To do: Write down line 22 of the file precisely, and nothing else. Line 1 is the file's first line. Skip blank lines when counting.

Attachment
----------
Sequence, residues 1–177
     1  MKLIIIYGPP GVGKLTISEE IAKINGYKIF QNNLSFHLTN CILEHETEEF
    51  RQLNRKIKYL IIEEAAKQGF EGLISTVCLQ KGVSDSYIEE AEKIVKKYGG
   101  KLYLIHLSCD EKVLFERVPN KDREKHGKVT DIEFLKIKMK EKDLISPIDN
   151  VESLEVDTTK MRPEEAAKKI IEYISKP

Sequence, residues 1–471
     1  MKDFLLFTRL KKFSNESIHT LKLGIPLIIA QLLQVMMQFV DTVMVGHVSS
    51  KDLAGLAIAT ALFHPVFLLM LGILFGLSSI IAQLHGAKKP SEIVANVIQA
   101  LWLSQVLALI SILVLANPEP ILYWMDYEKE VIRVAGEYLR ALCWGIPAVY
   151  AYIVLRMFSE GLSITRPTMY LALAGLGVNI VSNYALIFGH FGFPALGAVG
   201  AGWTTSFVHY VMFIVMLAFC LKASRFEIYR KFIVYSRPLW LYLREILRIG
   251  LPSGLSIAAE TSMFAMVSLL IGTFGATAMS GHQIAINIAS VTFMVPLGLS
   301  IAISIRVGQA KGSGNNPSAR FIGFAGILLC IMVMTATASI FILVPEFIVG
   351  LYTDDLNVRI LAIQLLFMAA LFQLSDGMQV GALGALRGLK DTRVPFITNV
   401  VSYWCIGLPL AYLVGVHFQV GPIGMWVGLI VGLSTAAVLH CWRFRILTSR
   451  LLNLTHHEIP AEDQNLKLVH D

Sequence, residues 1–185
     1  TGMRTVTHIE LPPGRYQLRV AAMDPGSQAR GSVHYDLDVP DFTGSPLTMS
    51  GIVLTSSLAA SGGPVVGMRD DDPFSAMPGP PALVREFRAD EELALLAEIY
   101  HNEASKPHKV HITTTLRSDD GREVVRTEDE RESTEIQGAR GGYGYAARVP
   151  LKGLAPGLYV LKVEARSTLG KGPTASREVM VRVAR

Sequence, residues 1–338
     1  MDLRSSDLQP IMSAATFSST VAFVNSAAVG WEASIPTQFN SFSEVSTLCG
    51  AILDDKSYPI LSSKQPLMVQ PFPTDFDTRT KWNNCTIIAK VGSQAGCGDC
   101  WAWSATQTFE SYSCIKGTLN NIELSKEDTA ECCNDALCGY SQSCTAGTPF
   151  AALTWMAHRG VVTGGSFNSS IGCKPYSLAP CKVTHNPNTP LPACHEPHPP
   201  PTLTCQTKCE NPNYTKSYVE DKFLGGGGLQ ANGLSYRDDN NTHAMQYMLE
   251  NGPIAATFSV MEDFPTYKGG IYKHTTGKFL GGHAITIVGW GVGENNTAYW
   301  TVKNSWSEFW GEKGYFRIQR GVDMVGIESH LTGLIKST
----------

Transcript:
Sequence, residues 1–338